Why so serious? Could it be that you’re stuck in a songwriting rut? Maybe you should try playing a game to find fresh songwriting inspiration! Even great composers like Mozart enjoyed playing songwriting games because they are a great way to inspire not only your creativity, but also your child’s.
Andrew Bishko was moved to create a songwriting game for his son after viewing a scene in the movie Amadeus, in which Mozart rolled a pair of musical dice and used the notes that came up to write a new melody. Try playing Andrew’s songwriting game to get those songwriting juices flowing. All you need is a deck of cards and pure imagination.
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Playing with Pitch
To begin playing Andrew’s songwriting game, you’ll first need to sort a deck of playing cards, which will be used to determine the melodic line of your song. Andrew recommends removing all but the “ace” through “7” cards, which will be the playing cards used to represent the seven musical pitches in a scale. It’s probably best to start out using a scale without a lot of sharps or flats, such as C major.
Sort the cards of the C major scale in order from C to B (C, D, E, F, G, A, B), with ace representing C, 2 for D, 3 for E, and so on. You may also arrange the pitches in alphabetical order (A, B, C, D, E, F, G) or with solfa (Do, Re, Mi, etc) if that is to what you are accustomed. For more of a challenge you may use half steps in which case ace will be for C, 2 for C#, 3 for D and so on.
Pick a Card, Any Card
Next, shuffle the cards and then pick ten cards from the pile and line them up – that’s the line of your melody! You may have to decide whether or not to move the melody up or down to a note. Andrew suggests choosing to move the smallest distance between notes. For example, the interval from C up to A is a sixth, so instead move from C down to A, which is the interval of a third.
If the range of the melody is too low for your child, move (i.e., transpose) it up. When you transpose a song, the notes move up by the same amount and the intervals maintain the same relationship.
Now that you’ve established your melodic line, it’s time to add the rhythm. To create the rhythm of your song, start by using use short, simple beats such as half notes, quarter notes and eighth notes. Use the picture cards to represent the rhythm: King for a half note (2 beats), queen for quarter notes (one beat) and jack for eighth notes (half beat).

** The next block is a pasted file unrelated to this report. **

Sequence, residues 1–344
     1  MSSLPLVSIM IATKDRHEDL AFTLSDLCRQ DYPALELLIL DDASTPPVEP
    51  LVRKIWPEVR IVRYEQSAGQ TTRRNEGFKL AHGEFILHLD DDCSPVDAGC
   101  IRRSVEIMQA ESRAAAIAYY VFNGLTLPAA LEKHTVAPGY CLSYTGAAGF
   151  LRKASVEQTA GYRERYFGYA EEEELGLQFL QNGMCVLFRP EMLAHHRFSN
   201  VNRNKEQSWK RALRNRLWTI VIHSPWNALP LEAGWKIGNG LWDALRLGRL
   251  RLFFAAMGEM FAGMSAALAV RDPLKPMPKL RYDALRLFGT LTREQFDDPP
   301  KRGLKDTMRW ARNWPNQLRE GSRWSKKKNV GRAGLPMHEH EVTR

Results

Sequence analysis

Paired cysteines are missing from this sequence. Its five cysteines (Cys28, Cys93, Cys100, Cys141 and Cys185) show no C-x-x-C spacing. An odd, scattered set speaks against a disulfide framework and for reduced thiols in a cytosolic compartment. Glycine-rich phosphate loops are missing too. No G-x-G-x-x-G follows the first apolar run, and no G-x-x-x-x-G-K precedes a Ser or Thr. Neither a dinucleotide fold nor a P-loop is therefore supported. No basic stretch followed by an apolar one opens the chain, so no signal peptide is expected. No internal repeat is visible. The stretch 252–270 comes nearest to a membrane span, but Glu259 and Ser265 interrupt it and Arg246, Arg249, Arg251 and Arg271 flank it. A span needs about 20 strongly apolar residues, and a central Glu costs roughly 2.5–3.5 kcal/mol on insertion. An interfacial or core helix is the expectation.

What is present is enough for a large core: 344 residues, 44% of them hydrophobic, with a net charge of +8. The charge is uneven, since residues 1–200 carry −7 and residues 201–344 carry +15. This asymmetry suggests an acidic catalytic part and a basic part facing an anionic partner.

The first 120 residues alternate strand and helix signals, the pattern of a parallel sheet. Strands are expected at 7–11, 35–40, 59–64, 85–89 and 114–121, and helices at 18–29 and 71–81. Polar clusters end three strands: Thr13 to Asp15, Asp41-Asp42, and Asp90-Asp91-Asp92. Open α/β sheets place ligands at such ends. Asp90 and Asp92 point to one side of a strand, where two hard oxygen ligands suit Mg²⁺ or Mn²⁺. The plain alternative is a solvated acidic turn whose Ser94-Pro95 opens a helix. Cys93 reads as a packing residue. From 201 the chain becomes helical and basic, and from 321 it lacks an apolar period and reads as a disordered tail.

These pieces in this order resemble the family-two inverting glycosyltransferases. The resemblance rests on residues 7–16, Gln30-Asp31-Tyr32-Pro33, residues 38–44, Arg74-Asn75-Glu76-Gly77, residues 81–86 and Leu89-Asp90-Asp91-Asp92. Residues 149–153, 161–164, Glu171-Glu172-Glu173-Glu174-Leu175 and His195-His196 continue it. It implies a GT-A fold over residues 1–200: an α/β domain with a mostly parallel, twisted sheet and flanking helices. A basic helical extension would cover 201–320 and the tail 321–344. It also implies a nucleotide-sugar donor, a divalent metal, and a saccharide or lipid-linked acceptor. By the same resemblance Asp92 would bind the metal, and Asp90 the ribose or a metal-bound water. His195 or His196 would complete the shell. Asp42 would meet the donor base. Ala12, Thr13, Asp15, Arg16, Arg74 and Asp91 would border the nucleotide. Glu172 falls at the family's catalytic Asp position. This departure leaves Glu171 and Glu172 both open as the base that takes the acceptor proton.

Decide whether or not to group the notes into measures of 3 or 4 beats. If the rhythm is a little hard to sing, you will likely have to adjust it a little. For example, you may need to add a rest on the end of the song to “square off” the last measure or occasionally change eighth notes to quarter notes.
Kids Say the Darndest Things
Now it’s time to start adding some lyrics to your song. To begin, have your child sing the melody along with you and encourage them to add any words that they want to, even if it’s just one word. It will be your job to form their ideas into lyrics that fit the rhythm of the melody. Rhyming isn’t necessary, but if you want to rhyme your lines, try rhyming the second and last lines. Also try to find creative ways to match the lyrics to the movements of the notes. For example, long notes can create suspense or descending notes might suggest looking down at something.
Waste Not, Want Not
What is a songwriter’s best friend? Repetition! Repetition holds musical compositions together, but too much exact repetition runs the risk of become boring so you will need to create some variations in the song to hold the listener’s attention.There’s no point of writing something new when you already have a good melody, so keep the melody and write new lyrics for variations.
To add variation to your song, add extra syllables if necessary and halve the notes accordingly. Try adding or removing short words like “the” or “a” to create melodic variation. The repeated melody is familiar keeping the listener from becoming lost and the variation adds surprise, which keeps the listener from becoming bored.
Borrow From the Best
How do you find the next line of your song? At this point, instead of referring back to the cards, we’re going to find an easier way to lengthen your song, by borrowing from the best. By choosing ten cards (notes), your phrases are roughly three measures long. Similarly, most popular and folk songs, which were anonymously composed by some amazing composers, use phrases in multiples of two measures.
The great Baroque composer Johann Sebastian Bach wrote pages of music from just one or two measures of melody. How did he do it? One of Bach’s favorite tricks was to run the melody backwards, or retrograde. If it ain’t Baroque, don’t fix it – use it! Mozart, too, understood a good folk song and often structured his pieces just like many folk melodies, which are grouped in AABA form, following the “rule of three”. In AABA form, the A sections are similar, but the B section contrasts.
Your song might not be the greatest composition or a big hit but that’s not the goal. Hopefully, you had a good time. Plus, you exercised your melodic, rhythmic, and lyrical muscles all while getting your creative juices flowing.
Looking for more detailed instructions and an example? Play Your Way In: A Song-writing Game.
Play moves us past our grown-up inhibitions and self-criticism to the source of our creativity and songwriting games are a great way to connect with our inner songwriting child – and to your own child, as well. After all, why do you think we call it “playing” music?
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